LAWRENCE — When University of Kansas researchers were invited to write a book for a W.W. Norton & Company series focused on inclusive education for students with disabilities, they worked with the editors of the series to rethink the concept of “inclusion” itself.
For decades, educational leaders have worked to make education more inclusive, yet these efforts have ultimately not produced sufficiently meaningful change for many students who have historically been excluded from the general education classroom, the researchers said. These conclusions led Amy McCart, Wade Kelly and Wayne Sailor of SWIFT Education Center, a part of the KU Life Span Institute, to frame their contribution to the series as “Build Equity. Join Justice: A Paradigm for School Belonging,”published recently by Norton.
Rather than focusing solely on disability, the book explores ways that race, socioeconomic status and other social hierarchies intersect, resulting in systems that regularly exclude certain students and fail to provide a sense of true belonging. By broadening the focus to include all the systems that place certain students on the margins of their schools, the authors hope to inspire a more ambitious goal for education than simply including students in a dominant culture that was not designed for them. The book offers 10 principles, or points, designed to promote equity and justice in education. These points are primarily inspired by the writings, research and lived experiences of centuries of Black, brown, Indigenous and queer people of all genders.
“The book hopes to inspire a deeper thinking and a fundamental redesign in the way we as educators understand and support students and the structure of our schools,” said Amy McCart, SWIFT co-director, noting that it also reflects how SWIFT Education Center has undergone its own transformation.
“At SWIFT, we knew if we wanted to lead schools across the nation in their efforts to support students who have been pushed to the margins, we had to first deepen our own understanding of the role of race and disability in education. At SWIFT, we have committed ourselves to understanding the intersectional nature of student lives and have designed a way for schools to work toward building spaces that create student wholeness,” McCart said.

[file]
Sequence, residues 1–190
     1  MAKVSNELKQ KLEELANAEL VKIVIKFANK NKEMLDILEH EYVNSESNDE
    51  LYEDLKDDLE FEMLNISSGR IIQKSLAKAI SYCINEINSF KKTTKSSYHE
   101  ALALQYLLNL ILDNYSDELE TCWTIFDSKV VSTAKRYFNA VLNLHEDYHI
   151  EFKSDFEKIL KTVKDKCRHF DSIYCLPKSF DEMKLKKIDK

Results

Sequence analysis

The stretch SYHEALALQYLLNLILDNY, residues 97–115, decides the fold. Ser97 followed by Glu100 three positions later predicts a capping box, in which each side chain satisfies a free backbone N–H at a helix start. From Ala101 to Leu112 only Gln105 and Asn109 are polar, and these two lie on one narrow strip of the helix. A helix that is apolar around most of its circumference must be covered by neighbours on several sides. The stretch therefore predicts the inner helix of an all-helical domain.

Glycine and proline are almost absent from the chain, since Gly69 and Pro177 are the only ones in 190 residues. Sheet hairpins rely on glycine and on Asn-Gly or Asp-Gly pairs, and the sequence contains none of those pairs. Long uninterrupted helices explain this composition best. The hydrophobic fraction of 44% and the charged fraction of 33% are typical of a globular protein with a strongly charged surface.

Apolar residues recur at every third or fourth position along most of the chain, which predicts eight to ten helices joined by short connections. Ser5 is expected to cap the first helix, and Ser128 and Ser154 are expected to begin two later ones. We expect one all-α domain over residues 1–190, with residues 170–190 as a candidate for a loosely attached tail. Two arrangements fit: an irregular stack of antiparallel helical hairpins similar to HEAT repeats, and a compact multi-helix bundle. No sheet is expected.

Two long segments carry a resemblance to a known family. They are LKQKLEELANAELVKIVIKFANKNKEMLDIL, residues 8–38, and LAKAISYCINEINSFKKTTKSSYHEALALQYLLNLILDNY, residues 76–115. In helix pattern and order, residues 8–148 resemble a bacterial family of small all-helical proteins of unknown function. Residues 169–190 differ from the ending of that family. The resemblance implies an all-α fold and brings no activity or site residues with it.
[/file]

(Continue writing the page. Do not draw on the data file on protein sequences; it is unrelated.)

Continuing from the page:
The center’s work, which is foundational for the book, supports schools in implementing a practice referred to as “Equity-based Multi-Tiered System of Support (MTSS),” a framework for organizing student support which combines data sources with knowledge of context, science, and systems in education to benefit all students, not just those with disabilities. It is a mechanism through which schools determine how they will support each of their students.
The book outlines strategies for ensuring that implementation of Equity-based MTSS in schools is done with equity as the driving force and the measure of success. This is, in part, a response to the prevalence of educational systems that routinely segregate by placing into separate classrooms or schools those students who learn or behave differently from the dominant culture.
“We as educators must challenge ourselves to personally understand the harm that is occurring to Black and Brown children across our nation and commit to changing our system of education, including special education, to do better. We believe we have created a resource to help guide that work,” McCart said.
In the book, the authors argue that a paradigm shift is needed to address the inequities embedded in many aspects of the educational system. The book’s 10 Point Paradigm presents different facets of equity that need to be considered to move toward an ecosystem in education that prioritizes the needs of students who have historically been excluded.
“Although we developed the 10 Point Paradigm in the context of education and wrote this book with a mind toward those that educate and advocate for students, it is at its essence an invitation to all people to use education as the lens through which we can dream a new vision of life in this country and society as a whole,” said author Wade Kelly, assistant director, content creation, at SWIFT. “The principles nested within the 10 Point Paradigm are meant to recalibrate our moral compass in such a way that it points toward liberation, validation and solidarity rather than marginalization and the tired, senselessly punitive strategies and practices of the past.”
The book is intended to provide educators and administrators at all levels several entry points to redesign schools into “equity-advancing, justice-centered institutions,” ones that address the learning needs and well-being of students while joining the larger struggle toward justice for many of those who are marginalized.
“Build Equity. Join Justice: A Paradigm for School Belonging,” part of the Norton Series on Inclusive Education for Students with Disabilities, is edited by KU Life Span Institute researchers Michael Wehmeyer, chair of the KU Department of Special Education and director of the Beach Center on Disabilities, and Jennifer Kurth, associate professor of special education.
Top photo: Students work on projects at a school where SWIFT has worked with school leaders to create better learning conditions for students.